We're talking about Ja Morant all wrong because we're mainly condemning and criticizing instead of empathizing and sincerely inquiring.
We're talking about Ja Morant all wrong because we were more invested in making jokes about being fine in the West than we are in admitting that those of us who are impressed by beautiful women and want to impress them back have said much more with a whole lot less to back it up to women as beautiful as Malika Andrews.
We're talking about Ja Morant all wrong because we're busier making memes and jokes for the 'Gram and not seeing that Ja's biggest career L's are coming from him fronting for the 'Gram until it was enough for him to say goodbye with such finality that the police had to show up at his door to make sure he wasn’t intent on gaming himself. I took what some of us saw as a suicide note to acknowledge that Ja's problems may stem more from issues of clout-chasing than gun-brandishing—even if the two are wrapped around his misfortunes like the snakes of a caduceus. We weren't ready for that conversation. And we're still not ready for the conversation about how nine figures of money and the adoration of millions can't fill up whatever is missing inside.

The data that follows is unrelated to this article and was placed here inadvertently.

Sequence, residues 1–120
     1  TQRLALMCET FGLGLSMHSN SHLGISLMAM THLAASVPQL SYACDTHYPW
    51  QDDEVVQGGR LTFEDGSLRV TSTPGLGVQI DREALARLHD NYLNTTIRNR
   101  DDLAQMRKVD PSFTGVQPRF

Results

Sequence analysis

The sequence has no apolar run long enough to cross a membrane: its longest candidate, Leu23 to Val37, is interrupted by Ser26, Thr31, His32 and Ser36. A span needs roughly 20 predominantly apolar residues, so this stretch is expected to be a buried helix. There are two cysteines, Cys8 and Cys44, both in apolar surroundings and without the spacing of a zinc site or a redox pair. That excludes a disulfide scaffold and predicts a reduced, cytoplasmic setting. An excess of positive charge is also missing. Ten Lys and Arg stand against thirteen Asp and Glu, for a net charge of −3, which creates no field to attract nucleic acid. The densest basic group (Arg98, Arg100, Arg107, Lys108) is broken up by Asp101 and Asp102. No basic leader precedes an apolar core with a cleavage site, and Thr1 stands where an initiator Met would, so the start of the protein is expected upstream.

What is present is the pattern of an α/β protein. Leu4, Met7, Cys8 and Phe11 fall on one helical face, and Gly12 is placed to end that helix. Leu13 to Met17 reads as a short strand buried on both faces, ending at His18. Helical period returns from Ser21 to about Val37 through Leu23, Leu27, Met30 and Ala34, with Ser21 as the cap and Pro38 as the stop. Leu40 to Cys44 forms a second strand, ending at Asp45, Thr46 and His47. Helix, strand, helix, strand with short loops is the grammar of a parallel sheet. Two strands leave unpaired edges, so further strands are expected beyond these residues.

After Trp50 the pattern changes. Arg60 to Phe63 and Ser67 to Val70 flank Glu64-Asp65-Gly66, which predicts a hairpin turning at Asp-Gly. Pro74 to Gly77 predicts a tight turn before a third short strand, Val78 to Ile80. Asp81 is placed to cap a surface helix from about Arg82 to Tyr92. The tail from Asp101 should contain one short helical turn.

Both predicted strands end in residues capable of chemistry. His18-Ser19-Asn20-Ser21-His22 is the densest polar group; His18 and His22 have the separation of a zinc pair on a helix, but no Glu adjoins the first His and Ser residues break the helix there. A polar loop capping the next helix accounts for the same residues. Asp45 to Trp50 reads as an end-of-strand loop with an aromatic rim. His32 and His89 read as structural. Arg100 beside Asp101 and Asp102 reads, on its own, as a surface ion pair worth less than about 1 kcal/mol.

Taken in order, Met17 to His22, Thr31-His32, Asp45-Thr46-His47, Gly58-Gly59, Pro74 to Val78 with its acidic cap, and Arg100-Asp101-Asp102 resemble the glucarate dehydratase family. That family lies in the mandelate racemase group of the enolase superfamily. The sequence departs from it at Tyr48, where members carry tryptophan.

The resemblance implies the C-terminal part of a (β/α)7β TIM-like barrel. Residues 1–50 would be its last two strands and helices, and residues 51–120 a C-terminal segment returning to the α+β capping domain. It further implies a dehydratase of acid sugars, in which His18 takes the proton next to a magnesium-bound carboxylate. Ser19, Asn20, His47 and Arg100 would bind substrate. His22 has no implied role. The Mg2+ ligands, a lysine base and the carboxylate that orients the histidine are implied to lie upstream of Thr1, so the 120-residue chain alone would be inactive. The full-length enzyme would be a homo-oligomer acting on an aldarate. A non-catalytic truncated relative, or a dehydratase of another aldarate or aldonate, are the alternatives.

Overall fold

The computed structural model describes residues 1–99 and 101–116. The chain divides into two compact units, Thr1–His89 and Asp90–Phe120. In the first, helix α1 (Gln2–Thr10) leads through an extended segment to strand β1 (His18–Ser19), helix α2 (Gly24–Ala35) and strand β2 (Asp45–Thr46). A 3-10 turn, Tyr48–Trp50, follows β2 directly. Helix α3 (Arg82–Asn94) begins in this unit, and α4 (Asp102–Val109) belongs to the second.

We're talking about Ja Morant all wrong because we, like the NBA, are too concerned about f**king up the bag and not concerned enough about the choices we are making while passing judgment on the choices Ja Morant is making. We're talking about Ja Morant all wrong because we're not being honest that our reactions to his choices are largely being filtered in capitalist terms.